|Rare Nacreous clouds otherwise known as polar stratospheric clouds are being spotted across the island.|
Twitter: Cecilia Daly
February 2, 2016 - EARTH - The following constitutes several of the latest reports of stunning cloud and light formation in the skies across the globe, as magnetic polar migration increases.
Nacreous rainbow cloud spotted in the skies over IrelandThe stunning clouds were pictured by people in a number of places, including Dublin and Belfast
A number of people noticed amazing rainbow coloured clouds in the sky over Ireland this morning.
The stunning clouds were pictured by people in a number of places, including Dublin and Belfast.
More images from Twitter:
They are known as polar stratospheric clouds or nacreous clouds and usually appear during winter at high latitudes like Scandinavia, Iceland, Alaska and Northern Canada.
The clouds are quite rare in Ireland and are mostly visible within two hours after sunset or before dawn.
They appeared as Storm Henry continues to batter the country. - Irish Mirror.
Rose-coloured sky in northern Canada amazes Iqaluit residentsLight scattering likely cause of deep red colouration, says CBC meteorologist
Residents of Iqaluit, Nunavut woke up on Tuesday morning seeing red — literally.
The city took on a strange rose hue throughout the day, wowing residents and leading to plenty of theories. CBC North's Nick Murray snapped a photo of the colouration outside CBC's Iqaluit bureau, which was shared widely across Facebook and Twitter. By Wednesday afternoon, the photo had reached nearly 200,000 people on CBC's Facebook pages alone.
The photo was quickly confirmed by other Iqaluit residents, some of which had their own theories.
"Ziggy Stardust just flew by," commented Kevin Robinson, a reference to the recent passing of David Bowie.
"Is it be cuz [sic] of your sunglasses?" asked Susie Pinguatuq, commenting on CBC Nunavut's Facebook page. Light scattering likely culprit
However, the likely answer for the strange colouration isn't related to pop icons, or eyewear: instead, it's rooted in how light reacts with the atmosphere.
CBC North meteorologist Ashley Brauweiler says Iqaluit's red sky is likely a result of light scattering, where sunlight is reflected through particles in the atmosphere. The colouring was also likely intensified by the time of day the photo was taken — near sunset — when the sun is lower in the sky.
"When the sun is at a low angle in the sky, the light has a longer distance to travel," said Brauweiler. "The blue [colouration, which leads to a more common 'blue sky'] gets removed by the ice crystals and salt in the air, which leaves red visible." "The clouds are much larger than light waves, which allows them to take on the colour, in this case pink." - CBC News.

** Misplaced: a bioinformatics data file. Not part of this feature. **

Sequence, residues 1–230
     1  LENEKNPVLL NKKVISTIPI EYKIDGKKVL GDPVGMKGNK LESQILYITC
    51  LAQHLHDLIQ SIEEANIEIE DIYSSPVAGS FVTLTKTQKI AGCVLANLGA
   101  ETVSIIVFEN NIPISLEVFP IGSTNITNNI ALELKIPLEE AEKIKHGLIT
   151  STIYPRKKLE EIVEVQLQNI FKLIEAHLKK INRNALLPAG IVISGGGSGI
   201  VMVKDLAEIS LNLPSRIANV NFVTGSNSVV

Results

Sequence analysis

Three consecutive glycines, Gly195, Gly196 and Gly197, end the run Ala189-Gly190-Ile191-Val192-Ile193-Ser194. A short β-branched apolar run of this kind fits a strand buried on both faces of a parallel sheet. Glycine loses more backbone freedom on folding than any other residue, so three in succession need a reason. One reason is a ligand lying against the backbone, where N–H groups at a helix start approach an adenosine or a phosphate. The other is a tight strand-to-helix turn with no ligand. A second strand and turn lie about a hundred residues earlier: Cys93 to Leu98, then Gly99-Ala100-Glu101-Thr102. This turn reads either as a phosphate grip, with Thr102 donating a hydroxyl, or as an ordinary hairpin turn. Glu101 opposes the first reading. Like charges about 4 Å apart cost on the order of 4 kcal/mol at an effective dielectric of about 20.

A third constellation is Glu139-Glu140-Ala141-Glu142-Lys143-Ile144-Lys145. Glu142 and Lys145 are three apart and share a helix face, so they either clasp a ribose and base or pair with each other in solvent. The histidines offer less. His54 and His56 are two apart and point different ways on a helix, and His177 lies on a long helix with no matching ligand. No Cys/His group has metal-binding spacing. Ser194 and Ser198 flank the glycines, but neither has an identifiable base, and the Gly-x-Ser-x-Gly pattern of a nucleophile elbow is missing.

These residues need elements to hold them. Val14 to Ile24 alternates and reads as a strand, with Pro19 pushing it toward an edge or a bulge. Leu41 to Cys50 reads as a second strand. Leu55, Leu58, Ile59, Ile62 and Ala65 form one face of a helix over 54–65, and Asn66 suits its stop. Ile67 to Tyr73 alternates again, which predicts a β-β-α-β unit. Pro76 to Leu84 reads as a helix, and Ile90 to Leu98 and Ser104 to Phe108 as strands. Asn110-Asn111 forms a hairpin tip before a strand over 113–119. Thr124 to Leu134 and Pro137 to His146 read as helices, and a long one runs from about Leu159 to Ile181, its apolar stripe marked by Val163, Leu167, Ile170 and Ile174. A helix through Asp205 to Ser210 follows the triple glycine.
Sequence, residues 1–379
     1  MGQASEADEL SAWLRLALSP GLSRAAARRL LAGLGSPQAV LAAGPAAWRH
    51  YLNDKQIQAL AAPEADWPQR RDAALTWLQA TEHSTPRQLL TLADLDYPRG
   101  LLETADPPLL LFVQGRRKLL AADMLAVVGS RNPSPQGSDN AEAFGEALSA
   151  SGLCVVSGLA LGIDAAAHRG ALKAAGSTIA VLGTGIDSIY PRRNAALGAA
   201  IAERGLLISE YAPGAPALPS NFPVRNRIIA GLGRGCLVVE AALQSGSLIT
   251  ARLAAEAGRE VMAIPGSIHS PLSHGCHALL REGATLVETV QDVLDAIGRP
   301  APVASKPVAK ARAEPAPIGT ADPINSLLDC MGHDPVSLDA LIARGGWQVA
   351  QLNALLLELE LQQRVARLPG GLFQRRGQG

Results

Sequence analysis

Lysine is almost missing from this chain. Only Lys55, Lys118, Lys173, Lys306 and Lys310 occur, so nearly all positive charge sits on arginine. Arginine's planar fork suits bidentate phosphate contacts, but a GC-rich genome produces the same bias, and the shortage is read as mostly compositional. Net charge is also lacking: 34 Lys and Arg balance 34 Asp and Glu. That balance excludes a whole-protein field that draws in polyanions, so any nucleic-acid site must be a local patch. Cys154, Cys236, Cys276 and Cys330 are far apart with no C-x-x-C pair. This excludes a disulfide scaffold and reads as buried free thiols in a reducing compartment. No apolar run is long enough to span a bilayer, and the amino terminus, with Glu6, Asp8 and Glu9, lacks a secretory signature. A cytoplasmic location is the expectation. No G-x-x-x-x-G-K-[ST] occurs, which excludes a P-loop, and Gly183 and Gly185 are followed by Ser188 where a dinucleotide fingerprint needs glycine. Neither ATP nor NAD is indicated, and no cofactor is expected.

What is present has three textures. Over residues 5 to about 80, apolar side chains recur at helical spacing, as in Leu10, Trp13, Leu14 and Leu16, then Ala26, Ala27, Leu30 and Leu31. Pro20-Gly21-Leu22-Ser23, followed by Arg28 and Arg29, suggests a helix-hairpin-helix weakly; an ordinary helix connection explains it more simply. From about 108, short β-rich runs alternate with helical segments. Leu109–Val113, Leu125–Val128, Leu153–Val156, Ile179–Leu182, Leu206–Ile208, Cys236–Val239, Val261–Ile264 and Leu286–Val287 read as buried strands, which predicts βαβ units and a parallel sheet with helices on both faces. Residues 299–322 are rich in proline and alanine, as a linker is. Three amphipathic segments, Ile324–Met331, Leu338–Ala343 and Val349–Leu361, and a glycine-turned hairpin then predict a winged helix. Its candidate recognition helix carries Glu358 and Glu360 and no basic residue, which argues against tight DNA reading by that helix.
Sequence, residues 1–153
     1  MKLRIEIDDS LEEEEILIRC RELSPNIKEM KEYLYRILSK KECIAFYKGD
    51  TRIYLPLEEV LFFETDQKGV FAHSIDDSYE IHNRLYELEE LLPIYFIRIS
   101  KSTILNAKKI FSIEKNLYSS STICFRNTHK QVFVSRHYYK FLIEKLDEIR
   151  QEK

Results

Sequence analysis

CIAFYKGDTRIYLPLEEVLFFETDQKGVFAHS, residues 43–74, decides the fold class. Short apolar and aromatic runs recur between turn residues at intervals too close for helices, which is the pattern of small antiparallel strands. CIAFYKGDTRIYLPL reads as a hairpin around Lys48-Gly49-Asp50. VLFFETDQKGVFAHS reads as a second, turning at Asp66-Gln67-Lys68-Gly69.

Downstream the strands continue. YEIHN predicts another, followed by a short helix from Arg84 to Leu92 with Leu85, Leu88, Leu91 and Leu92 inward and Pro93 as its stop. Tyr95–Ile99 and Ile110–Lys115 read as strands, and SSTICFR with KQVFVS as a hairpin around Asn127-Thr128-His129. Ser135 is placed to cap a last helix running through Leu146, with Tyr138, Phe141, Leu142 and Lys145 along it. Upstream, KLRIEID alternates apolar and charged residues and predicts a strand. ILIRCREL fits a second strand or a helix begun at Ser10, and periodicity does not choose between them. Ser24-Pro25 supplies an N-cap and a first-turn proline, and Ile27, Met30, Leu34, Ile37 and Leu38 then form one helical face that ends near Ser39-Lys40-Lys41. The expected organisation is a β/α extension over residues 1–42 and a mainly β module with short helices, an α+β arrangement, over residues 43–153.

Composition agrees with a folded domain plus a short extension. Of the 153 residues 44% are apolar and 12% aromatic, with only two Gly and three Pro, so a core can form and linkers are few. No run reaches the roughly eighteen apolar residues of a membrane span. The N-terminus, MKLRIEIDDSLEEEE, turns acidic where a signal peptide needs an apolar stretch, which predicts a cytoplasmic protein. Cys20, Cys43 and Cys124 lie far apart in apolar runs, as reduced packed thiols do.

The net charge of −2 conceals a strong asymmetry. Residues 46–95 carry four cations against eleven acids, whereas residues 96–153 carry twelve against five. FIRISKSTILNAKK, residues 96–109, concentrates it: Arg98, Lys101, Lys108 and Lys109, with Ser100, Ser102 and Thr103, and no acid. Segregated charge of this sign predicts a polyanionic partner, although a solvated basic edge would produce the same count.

Nacreous rainbow cloud seen over Leicester, UK
The formation, which looked like a rainbow around an oval of bright light, appeared at about 5pm in an otherwise murky, grey sky.
Witnesses took photos of the phenomenon and uploaded them to Twitter, many commenting on the "beautiful" appearance.
Leicester Mercury weatherman Dave Mutton said the formation was the result of a cold front moving from the North down to the South. He said that when a cold front meets a warmer front, bits of cloud break off, creating a gap in cloud cover.
Today's 'gap' occurred just as the sun was setting behind it, creating the ethereal oval of light.
He said the rainbow effect appeared because of the light refracting through ice crystals or water droplets in the clouds.
Dave said: "It would have been quite a sight with the sun setting behind it."
However, Dave said it could have also been a polar stratospheric cloud.Polar stratospheric clouds form at very high altitudes, between 15km and 25km (about 50,000 to 80,000 feet) and at very cold temperatures (around -78 deg C).
They are also known as nacreous clouds, from nacre, or mother of pearl, due to their iridescent nature.
Lisa Tubby, of Thurnby Lodge, was among the many people intrigued by the phenomenon, but said it made her feel slightly anxious.
She said: "To be honest, at first I thought it was another planet because of its circle shape, but also because I'd never seen anything like it before.
"I told my daughter to come and have a look at it, and she said it was similar to when petrol and water mix, but I told her that of course it wasn't that as there isn't any petrol in the sky.
|© Chris Gordon|
|© Chris Gordon|
"I then went to my mum and dad's, who live just down the road from me, and my dad said it was a rainbow, and my mum said that it was unlike anything she had seen in her life. She's 52 years old."
On Twitter, Leicester Schools Welcome Refugees said that a similar cloud formation appeared in Birstall at 4.30pm this afternoon.
Mercury photographer Chris Gordon captured the phenomenon, which was only briefly in the sky, on camera.
He said: "It's amazing. I've never seen anything like it. It's very reminiscent of a rainbow.
"I decided to take the picture as everyone in the office was so excited about it. Plus, I've always loved sunsets - they're my favourite spectacle."
Posts on Twitter suggested the spectacle was visible all around the UK.
- Leicester Mercury.